Reed Potter of New Vineyard holds one of his chickens he’s raising as a 4-H project. He had hoped to enter the poultry show at Farmington Fair this week, but it was canceled because of cases of avian influenza in flocks in five Maine counties. Submitted photo

FARMINGTON — Local 4-H members must wait another year to show their poultry at the Farmington Fair because of cases of avian influenza, or bird flu, in flocks around the state.

Reed Potter of New Vineyard was hoping to sell his birds at the 4-H auction at the fair this week. A member since 2018, he said it was fun showing his poultry that first year before the coronavirus pandemic.

“I kind of forgot what it was like,” he said. “I was looking forward to doing it this year.

Potter raises a variety of poultry, including ducks, geese, turkeys, Cornish-rock cross meat chickens and Black Sex Link laying hens. His turkeys, meat birds and laying hens are part of his 4-H poultry project. He also has sheep, swine and gardening projects this year.

“That first year I didn’t know you could wash your birds with water,” he said. “I didn’t do that, everyone else did. My birds are free range, they take dust baths, go outside. Mine were bright white chickens.”

“I got first place,” Potter said.


“The judges provide such good feedback,” UMaine Cooperative Extension 4-H professional Tara Marble said.

Fair Secretary Neal Yeaton said the auction is already on the calendar for next year.

Potter has other options to sell his birds, although it’s not as easy as selling them at the fair.

“My aunt buys a lot of stuff from me,” he said. “We have some friends at Farmington Farmers Union that like to buy things from us.”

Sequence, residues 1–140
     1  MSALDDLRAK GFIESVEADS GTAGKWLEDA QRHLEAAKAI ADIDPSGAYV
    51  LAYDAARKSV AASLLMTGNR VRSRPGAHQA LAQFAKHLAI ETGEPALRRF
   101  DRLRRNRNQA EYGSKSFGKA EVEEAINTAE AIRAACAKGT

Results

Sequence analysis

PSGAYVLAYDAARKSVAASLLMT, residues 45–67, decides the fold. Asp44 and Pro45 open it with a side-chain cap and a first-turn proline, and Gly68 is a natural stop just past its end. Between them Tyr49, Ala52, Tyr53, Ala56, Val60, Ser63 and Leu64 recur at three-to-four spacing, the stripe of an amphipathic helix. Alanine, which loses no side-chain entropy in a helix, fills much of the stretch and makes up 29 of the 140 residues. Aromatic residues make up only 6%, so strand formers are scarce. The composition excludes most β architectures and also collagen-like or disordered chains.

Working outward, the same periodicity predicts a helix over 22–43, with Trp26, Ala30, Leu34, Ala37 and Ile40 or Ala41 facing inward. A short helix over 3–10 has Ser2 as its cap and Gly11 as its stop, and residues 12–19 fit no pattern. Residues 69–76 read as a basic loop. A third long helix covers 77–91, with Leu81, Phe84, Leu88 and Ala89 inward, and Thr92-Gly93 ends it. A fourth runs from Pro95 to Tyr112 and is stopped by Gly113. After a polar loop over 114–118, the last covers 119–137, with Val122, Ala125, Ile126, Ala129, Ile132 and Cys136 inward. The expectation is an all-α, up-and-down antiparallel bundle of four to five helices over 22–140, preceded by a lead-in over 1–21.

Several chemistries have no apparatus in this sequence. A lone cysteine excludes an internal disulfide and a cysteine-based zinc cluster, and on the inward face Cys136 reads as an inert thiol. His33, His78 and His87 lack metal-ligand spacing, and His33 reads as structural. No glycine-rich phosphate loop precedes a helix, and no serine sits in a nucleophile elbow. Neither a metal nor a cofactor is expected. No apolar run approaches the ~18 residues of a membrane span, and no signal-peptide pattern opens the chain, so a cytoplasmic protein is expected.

James Davis, 12, and his sister Sophia Davis, 11, also show their chickens at the fair, their mother, Amanda Davis, said in an email Tuesday.

“They are disappointed about not being able to bring their chickens to the fair,” she wrote. “They enjoy competing with their chickens, seeing what place they get. The money they get from showing their poultry they use toward taking care of them.”

Fair poultry supervisor Mike Turner said he will try to have posters and information about avian flu available. He said if the disease diminishes, poultry may be a possibility at the fair next year.

Signs and symptoms of bird flu infections in people can include fever, cough, sore throat, runny or stuffy nose, muscle or body aches, fatigue, headaches, eye redness or conjunctivitis, and difficulty breathing. Other possible symptoms are diarrhea, nausea, and vomiting. As with seasonal flu, some people are at high risk of getting very sick from bird flu infections, including pregnant women, people with weakened immune systems, and people 65 and older, according to the Maine Department of Agriculture, Conservation and Forestry.

Reed Potter of New Vineyard takes part in the 4-H poultry project. Some of his flock is seen here. He had planned to show them at Farmington Fair but all poultry shows have been canceled this year. Submitted photo

Comments are no longer available on this story